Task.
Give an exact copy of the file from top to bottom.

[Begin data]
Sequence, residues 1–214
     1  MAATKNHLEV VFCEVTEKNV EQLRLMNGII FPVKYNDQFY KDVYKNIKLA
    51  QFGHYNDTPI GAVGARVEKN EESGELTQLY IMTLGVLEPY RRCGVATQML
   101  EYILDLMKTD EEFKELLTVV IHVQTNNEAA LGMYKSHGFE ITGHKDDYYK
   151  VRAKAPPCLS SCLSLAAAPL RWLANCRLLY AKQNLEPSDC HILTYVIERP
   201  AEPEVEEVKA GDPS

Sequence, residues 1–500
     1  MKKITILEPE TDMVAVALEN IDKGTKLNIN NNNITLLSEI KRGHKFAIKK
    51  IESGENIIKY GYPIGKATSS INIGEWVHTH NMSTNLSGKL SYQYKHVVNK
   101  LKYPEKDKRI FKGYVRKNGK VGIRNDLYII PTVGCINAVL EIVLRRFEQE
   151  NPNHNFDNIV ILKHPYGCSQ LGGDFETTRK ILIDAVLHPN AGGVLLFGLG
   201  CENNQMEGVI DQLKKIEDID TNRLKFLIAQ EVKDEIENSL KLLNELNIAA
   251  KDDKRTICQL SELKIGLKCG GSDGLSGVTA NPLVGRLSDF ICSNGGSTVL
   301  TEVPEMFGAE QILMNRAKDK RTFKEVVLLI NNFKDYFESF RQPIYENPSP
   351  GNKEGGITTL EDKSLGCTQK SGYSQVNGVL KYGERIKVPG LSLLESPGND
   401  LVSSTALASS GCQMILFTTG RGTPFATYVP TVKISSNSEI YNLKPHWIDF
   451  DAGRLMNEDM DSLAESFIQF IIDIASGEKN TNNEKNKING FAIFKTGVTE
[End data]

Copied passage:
Sequence, residues 1–214
     1  MAATKNHLEV VFCEVTEKNV EQLRLMNGII FPVKYNDQFY KDVYKNIKLA
    51  QFGHYNDTPI GAVGARVEKN EESGELTQLY IMTLGVLEPY RRCGVATQML
   101  EYILDLMKTD EEFKELLTVV IHVQTNNEAA LGMYKSHGFE ITGHKDDYYK
   151  VRAKAPPCLS SCLSLAAAPL RWLANCRLLY AKQNLEPSDC HILTYVIERP
   201  AEPEVEEVKA GDPS

Sequence, residues 1–500
     1  MKKITILEPE TDMVAVALEN IDKGTKLNIN NNNITLLSEI KRGHKFAIKK
    51  IESGENIIKY GYPIGKATSS INIGEWVHTH NMSTNLSGKL SYQYKHVVNK
   101  LKYPEKDKRI FKGYVRKNGK VGIRNDLYII PTVGCINAVL EIVLRRFEQE
   151  NPNHNFDNIV ILKHPYGCSQ LGGDFETTRK ILIDAVLHPN AGGVLLFGLG
   201  CENNQMEGVI DQLKKIEDID TNRLKFLIAQ EVKDEIENSL KLLNELNIAA
   251  KDDKRTICQL SELKIGLKCG GSDGLSGVTA NPLVGRLSDF ICSNGGSTVL
   301  TEVPEMFGAE QILMNRAKDK RTFKEVVLLI NNFKDYFESF RQPIYENPSP
   351  GNKEGGITTL EDKSLGCTQK SGYSQVNGVL KYGERIKVPG LSLLESPGND
   401  LVSSTALASS GCQMILFTTG RGTPFATYVP TVKISSNSEI YNLKPHWIDF
   451  DAGRLMNEDM DSLAESFIQF IIDIASGEKN TNNEKNKING FAIFKTGVTE